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Authors

Katie Axtell

Abstract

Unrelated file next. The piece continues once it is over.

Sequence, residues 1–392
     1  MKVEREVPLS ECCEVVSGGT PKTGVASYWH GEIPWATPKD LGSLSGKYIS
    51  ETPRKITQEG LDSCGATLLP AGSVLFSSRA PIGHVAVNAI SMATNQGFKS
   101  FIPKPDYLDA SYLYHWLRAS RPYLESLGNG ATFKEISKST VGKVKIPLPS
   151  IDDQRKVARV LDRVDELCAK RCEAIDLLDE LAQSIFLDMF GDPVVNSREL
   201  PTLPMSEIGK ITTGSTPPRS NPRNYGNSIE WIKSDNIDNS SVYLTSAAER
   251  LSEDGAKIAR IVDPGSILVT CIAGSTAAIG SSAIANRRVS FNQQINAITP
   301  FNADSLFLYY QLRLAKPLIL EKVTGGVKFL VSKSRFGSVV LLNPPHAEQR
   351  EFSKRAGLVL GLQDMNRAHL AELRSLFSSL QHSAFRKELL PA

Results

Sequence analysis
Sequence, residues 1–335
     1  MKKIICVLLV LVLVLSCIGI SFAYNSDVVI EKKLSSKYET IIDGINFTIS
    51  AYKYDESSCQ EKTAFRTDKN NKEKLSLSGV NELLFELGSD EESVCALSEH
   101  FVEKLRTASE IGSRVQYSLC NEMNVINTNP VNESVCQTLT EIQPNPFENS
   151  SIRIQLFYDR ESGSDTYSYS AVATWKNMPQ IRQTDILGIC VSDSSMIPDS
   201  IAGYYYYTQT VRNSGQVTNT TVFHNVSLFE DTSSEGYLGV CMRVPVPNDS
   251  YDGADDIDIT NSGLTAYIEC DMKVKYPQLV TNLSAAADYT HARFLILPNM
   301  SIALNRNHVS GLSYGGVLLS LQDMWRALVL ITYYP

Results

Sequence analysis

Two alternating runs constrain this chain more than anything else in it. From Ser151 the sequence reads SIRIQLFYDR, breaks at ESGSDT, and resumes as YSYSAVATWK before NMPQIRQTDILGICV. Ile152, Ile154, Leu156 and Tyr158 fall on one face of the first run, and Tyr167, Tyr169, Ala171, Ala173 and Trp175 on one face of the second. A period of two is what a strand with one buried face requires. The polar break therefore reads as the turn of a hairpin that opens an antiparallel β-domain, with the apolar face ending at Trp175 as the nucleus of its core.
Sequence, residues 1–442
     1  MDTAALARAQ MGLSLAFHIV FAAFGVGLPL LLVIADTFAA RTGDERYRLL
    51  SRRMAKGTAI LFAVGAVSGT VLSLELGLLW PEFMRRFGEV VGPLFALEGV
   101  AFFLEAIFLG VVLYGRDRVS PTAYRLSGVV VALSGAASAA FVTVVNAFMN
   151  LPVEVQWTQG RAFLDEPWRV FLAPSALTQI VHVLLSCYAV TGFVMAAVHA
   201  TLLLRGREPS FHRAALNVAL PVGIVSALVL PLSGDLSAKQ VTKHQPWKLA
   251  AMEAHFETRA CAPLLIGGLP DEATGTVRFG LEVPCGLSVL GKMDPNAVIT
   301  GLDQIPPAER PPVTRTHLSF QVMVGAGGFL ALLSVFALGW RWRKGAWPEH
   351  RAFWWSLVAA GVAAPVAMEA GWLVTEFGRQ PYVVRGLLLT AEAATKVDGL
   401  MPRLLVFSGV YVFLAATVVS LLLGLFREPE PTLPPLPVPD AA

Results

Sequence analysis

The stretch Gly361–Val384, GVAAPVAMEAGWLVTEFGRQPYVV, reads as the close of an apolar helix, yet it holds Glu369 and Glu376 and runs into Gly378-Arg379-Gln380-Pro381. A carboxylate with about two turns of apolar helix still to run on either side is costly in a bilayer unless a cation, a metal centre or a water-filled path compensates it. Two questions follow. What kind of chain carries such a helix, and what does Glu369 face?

Part II of this Note presents the factual background and procedural history of Davey v. Locke. Part III discusses the Free Exercise Clause of the First Amendment. Section A provides a basic background on the Supreme Court's free exercise jurisprudence. Section B applies the Court's precedent to Davey, and concludes that the Ninth Circuit sidestepped a true "prohibition" analysis. Sections A, B, and C of Part IV discuss the differing neutrality examinations within free exercise, free speech, and establishment jurisprudence, respectively. Section D discusses the overlapping application of neutrality criteria in establishment and free speech funding cases. Section E concludes that in Davey the Ninth Circuit improperly grafted free speech criteria under an establishment neutrality paradigm onto its free exercise neutrality examination in Davey. Part V discusses the federalism implications of the impending Supreme Court decision. Section A explains Washington's asserted interest in the separation of church and state. Section B proposes that states' more protective establishment provisions should provide a compelling justification for an incidental burden of a religious observer's free exercise sufficient to survive strict scrutiny. Section C argues that Washington State's Establishment Clause is a sufficiently compelling justification for Washington not to fund Davey's theological education. Part VI concludes the Note.